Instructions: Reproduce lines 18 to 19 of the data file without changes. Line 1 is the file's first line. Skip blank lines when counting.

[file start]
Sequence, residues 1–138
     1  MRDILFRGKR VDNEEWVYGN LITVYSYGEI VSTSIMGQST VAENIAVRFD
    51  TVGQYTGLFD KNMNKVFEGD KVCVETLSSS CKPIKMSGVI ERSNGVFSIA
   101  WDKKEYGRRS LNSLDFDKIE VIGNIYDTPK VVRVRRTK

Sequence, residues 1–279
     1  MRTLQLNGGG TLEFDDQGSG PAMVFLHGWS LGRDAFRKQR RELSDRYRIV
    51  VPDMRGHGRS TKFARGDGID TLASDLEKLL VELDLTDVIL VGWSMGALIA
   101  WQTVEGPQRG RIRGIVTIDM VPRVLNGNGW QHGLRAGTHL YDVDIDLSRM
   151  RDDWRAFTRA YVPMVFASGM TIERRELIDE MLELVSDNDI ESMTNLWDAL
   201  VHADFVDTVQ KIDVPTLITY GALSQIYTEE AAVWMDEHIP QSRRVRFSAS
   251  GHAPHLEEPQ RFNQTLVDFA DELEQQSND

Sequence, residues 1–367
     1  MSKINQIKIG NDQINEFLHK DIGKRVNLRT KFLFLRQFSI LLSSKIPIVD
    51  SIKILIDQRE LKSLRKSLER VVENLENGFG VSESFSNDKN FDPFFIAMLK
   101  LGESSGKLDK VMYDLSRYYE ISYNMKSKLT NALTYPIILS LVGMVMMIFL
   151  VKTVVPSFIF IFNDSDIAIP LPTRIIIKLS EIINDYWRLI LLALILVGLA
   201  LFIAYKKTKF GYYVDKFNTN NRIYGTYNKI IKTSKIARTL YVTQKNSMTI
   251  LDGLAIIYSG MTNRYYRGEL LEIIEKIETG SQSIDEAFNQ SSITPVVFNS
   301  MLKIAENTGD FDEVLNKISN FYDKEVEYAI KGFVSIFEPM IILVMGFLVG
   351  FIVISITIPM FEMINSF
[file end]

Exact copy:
   251  LDGLAIIYSG MTNRYYRGEL LEIIEKIETG SQSIDEAFNQ SSITPVVFNS
   301  MLKIAENTGD FDEVLNKISN FYDKEVEYAI KGFVSIFEPM IILVMGFLVG